Work as a social process
Peter Checkland says that human activity systems or work systems can be regarded as a set of activities and a set of relations between the people doing them. This idea is also a central element of Systems Leadership Theory, framed around the notion that “Work is a social process”. By social process I mean the interaction between humans to achieve a purpose.
Work occurs across three different dimensions, Technical, Commercial and Social. The Technical and Commercial aspects often get all the attention and the Social aspect is somewhat ignored. The remarkable failures of countless Mergers & Acquisitions and other change programs are surely a testament to that – it all looked great on paper…
Unfortunately the social dimension of work is often overlooked as it has a profound impact on the output of human undertakings. It is often assumed that it will look after itself. Sometimes it is outsourced to HR or the more fancy labelled “People & Culture” team to deal with the soft people stuff. Reality is that the soft stuff is the hard stuff. It is hard partly because we don’t have the same degree of shared language for the social processes as we have for the technical and commercial processes. The quote below from Brigadier R Macdonald captures the importance of understanding the social dimensions of work.
“When human beings are part of the solution, a technical solution is no solution at all”
Image Courtesy of Gaping Void
The Decision Making model and the Task Assignment model are both designed to support a good social process by providing clarity around context and purpose and clarity around expectations, both in term of behaviour and output/outcomes. Poor communication is often cited as a big issue in many organisations, a remarkable scenario since every resume I have every seen suggests that everyone is a fantastic communicator.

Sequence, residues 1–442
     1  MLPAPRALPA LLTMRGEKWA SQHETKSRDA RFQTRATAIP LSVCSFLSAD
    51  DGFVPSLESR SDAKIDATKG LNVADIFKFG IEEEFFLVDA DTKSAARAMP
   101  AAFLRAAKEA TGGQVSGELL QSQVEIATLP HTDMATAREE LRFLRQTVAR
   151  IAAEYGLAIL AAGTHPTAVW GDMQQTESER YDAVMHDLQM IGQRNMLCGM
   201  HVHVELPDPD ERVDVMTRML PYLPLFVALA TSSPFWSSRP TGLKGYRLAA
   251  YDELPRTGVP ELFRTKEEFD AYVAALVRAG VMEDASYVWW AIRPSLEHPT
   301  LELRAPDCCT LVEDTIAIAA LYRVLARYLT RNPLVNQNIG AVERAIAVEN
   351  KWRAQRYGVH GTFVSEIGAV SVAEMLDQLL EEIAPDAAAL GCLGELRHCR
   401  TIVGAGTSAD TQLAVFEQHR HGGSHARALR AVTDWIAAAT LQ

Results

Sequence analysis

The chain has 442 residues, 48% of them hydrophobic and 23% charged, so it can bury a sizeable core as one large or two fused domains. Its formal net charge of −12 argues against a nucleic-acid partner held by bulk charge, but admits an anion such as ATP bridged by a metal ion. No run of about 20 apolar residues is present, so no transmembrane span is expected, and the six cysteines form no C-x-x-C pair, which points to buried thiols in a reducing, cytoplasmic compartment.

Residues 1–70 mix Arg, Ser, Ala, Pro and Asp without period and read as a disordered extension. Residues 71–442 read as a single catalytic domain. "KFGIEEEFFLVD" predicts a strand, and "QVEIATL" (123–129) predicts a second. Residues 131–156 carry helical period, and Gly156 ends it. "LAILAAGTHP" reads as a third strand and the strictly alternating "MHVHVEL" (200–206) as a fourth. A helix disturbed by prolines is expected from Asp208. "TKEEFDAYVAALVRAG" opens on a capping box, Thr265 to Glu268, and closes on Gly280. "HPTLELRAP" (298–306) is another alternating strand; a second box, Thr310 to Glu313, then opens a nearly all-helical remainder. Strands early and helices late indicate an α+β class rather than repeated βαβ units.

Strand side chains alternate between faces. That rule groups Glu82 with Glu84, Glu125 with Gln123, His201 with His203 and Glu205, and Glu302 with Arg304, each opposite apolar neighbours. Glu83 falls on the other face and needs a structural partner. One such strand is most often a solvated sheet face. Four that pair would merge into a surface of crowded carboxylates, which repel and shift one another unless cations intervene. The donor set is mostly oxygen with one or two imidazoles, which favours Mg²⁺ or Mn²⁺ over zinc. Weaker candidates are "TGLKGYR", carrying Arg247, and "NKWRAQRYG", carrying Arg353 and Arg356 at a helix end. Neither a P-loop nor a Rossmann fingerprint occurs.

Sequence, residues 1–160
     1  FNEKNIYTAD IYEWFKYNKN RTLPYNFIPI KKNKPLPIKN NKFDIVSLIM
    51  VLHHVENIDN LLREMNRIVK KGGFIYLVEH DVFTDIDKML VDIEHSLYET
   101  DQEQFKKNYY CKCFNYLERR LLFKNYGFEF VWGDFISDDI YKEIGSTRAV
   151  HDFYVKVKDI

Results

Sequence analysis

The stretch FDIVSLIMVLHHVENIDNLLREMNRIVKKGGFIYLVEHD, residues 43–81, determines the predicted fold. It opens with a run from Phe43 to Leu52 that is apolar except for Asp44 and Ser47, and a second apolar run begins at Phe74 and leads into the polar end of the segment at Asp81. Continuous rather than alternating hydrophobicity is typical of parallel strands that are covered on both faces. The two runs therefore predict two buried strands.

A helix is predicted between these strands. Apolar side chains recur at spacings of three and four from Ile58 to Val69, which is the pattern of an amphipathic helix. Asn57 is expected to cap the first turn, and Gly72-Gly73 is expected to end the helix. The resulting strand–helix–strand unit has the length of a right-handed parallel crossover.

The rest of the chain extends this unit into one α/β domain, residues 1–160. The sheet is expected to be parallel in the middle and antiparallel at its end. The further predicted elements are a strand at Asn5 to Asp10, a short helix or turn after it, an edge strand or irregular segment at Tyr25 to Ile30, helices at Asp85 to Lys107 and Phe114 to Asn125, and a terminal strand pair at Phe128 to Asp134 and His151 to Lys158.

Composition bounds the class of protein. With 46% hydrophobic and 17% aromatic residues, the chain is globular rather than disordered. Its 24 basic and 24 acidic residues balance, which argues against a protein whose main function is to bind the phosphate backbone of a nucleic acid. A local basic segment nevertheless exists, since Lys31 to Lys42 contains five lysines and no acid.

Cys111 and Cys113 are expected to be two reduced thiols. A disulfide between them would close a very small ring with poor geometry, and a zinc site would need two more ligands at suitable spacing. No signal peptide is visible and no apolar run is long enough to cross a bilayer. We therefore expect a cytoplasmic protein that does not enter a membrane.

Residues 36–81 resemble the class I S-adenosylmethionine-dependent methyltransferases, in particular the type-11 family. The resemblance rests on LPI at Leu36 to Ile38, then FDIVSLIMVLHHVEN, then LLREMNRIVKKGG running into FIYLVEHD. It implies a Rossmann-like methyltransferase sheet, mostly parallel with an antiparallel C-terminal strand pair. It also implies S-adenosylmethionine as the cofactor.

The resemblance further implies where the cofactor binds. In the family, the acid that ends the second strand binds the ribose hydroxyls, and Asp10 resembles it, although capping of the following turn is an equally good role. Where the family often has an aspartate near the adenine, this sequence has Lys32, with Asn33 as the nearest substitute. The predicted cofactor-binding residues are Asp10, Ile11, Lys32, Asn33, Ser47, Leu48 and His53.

I think that the “poor communication” issue is not so much a personality or people issue, it is more likely to be a system issue. Having shared language and shared models for decision-making and task assignment can support better communication by providing clarity for both sender and receiver about what is intended. This can greatly enhance the two-way flow that is critical for communication to actually occur. Stafford Beer made the point that successful communication is only achieved when the objective of the message has been actualised as intended, not when the message itself has been sent (which tends to be the view of many – “but I sent them an email…”)
Our over reliance on written communication to speed things up often ends up delaying things as misunderstandings and different interpretations are not realised until it is too late. How many emails does it take to organise a meeting when one phone call would have sufficed?
A good written task assignment is therefore only a vehicle to support the social interaction that is often essential for providing full clarity about expectations. The social process might take a few days to complete depending on the complexity of the task and the people involved. Some people need to reflect on the information provided and may need time to do this before accepting the task.
An essential process that I have not made explicit in the decision making model and only hinted at in the task assignment model is the Review process. To enable a learning environment we have to continuously review our work – both successes and failures. A review can happen at any time, however, tasks and decisions should always end with a review.
The purpose of the review is primarily to learn about the social process, what worked well, what did not work well, what led to person x making this decision etc.? The technical output is usually the easy bit to review, did you deliver what you said you would, yes or no? The point here is to review the judgments used to get the results and learn.